Greg Thomas wrote:
> On Thu, 15 Sep 2005 16:35:28 +0200, "Felix Gilcher"
> <firstname.lastname@example.org> wrote:
>> There are several threads here on this list explaining why you should never manipulate code in a pre-commit-hook script.
> However, you could do it in a post-commit hook. This would have to
> checkout a wc on the server, run the tidy script over the code, and
> then commit the changes, before cleaning up after itself.
But then you would have to be careful of who the author is of that code
as you are now essentially looking at two separate commits. First by
the developer, and the second by whatever user you are going to run your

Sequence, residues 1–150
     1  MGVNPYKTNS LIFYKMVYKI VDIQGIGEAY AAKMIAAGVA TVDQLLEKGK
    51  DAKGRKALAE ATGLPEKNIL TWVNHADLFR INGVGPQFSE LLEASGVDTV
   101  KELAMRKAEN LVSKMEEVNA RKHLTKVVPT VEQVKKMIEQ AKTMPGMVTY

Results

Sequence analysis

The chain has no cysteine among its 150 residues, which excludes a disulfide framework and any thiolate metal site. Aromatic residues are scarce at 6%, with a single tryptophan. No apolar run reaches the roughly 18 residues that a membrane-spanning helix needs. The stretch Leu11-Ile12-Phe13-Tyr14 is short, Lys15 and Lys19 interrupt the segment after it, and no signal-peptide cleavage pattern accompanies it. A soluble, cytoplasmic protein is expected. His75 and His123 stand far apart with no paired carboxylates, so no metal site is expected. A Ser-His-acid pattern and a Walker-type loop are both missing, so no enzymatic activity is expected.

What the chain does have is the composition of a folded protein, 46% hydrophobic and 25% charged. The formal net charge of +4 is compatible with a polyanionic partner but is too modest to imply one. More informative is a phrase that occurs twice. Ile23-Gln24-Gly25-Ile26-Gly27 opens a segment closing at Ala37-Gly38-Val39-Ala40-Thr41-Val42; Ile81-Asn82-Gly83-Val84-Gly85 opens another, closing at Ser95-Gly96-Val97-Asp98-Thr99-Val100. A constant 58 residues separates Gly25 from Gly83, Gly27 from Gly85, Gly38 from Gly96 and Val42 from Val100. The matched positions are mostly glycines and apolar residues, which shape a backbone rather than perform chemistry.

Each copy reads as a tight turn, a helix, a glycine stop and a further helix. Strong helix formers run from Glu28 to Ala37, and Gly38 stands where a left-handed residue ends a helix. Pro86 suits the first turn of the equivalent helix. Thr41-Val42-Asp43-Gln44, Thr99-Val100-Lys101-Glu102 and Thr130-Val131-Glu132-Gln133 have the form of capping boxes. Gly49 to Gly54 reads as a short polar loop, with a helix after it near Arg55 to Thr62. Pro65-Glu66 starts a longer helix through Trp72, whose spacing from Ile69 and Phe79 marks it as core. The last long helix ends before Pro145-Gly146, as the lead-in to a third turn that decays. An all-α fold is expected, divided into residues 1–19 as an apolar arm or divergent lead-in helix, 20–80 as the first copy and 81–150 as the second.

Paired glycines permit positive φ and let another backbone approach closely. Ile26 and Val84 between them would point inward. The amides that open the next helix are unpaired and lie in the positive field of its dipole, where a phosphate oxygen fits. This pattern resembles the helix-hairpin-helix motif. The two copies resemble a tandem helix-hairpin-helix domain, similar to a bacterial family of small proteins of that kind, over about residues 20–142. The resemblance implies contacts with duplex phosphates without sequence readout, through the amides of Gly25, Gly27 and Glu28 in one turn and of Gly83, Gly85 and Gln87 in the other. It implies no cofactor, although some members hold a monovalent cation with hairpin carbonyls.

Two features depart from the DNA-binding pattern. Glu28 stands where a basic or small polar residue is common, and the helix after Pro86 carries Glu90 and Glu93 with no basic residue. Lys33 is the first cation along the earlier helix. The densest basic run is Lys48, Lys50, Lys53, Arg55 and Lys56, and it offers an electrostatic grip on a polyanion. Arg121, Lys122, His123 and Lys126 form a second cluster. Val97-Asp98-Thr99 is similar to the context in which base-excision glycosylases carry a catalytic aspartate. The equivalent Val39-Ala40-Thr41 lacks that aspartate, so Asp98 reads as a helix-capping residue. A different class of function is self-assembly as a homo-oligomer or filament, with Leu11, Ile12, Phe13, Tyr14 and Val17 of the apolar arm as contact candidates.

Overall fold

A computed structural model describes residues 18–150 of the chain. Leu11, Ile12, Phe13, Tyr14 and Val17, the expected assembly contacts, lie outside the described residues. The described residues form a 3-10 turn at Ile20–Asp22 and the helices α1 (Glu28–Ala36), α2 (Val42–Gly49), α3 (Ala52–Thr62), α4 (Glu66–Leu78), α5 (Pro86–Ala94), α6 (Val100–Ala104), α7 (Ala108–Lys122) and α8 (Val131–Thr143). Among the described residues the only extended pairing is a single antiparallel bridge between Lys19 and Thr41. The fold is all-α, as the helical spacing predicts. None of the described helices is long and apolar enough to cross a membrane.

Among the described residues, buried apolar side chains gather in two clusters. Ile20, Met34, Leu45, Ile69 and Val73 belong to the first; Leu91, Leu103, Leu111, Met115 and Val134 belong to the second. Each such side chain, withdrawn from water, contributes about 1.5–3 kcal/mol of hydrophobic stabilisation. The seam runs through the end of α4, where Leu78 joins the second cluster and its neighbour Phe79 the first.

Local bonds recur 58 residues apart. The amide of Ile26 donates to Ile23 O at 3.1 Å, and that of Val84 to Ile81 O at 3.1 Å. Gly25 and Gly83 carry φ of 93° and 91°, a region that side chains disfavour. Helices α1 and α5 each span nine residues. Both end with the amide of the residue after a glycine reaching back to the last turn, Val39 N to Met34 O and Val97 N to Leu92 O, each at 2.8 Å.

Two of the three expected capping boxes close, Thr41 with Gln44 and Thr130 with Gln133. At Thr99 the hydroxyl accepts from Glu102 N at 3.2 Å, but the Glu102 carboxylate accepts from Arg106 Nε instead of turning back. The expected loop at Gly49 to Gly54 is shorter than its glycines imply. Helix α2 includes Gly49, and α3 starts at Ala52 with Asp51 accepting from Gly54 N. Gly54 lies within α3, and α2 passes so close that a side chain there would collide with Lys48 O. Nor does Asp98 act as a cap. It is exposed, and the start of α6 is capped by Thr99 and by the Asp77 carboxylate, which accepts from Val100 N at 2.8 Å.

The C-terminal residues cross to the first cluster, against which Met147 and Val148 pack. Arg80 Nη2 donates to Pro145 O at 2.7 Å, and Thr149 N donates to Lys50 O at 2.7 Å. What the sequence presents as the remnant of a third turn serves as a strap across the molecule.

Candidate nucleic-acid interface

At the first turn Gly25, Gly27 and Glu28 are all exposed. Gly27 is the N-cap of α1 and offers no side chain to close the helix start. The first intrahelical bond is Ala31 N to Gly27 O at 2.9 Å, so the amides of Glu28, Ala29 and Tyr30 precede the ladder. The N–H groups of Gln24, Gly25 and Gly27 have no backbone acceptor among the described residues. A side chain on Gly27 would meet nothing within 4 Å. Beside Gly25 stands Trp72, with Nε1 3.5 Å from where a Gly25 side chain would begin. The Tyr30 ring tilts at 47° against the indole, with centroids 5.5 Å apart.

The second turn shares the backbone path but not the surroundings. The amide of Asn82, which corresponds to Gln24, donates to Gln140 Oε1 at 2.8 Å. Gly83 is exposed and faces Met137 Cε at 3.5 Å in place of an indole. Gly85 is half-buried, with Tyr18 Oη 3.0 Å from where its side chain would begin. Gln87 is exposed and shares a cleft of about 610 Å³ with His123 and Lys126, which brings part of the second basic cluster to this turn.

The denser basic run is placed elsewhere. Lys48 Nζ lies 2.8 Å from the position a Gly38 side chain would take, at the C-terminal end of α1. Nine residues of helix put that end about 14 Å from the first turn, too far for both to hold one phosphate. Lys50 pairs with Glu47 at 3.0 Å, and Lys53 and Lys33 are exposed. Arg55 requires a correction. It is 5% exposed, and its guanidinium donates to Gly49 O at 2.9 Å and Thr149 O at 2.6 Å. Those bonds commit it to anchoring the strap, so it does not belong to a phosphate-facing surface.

script under. Which then leads me to wonder if you aren't creating a
cyclic redundancy. How does your post-commit hook know not to run when
your automated process has run and cleaned up code and then committed again?
I have seen this sort of process mentioned on the board before, and the
guru's pretty much all recommend not doing this from the server side. I
think I agree with them. Data clean-up really shouldn't be part of the
If you are using the svn command line, create a separate shell script
that will first run your tidy program and then do the commit. Then it
all happens on the client side. If you are using something like
TortoiseSVN, you may have to either munge some of their code, or make a
request of the TortoiseSVN group to create a parameter asking for an
action / batch file to call . Who knows - maybe they will create a
little rules engine that allows you to run a command pre- or post-
commit, update, checkout, etc. to allow for other activities to occur
Received on Thu Sep 15 17:43:06 2005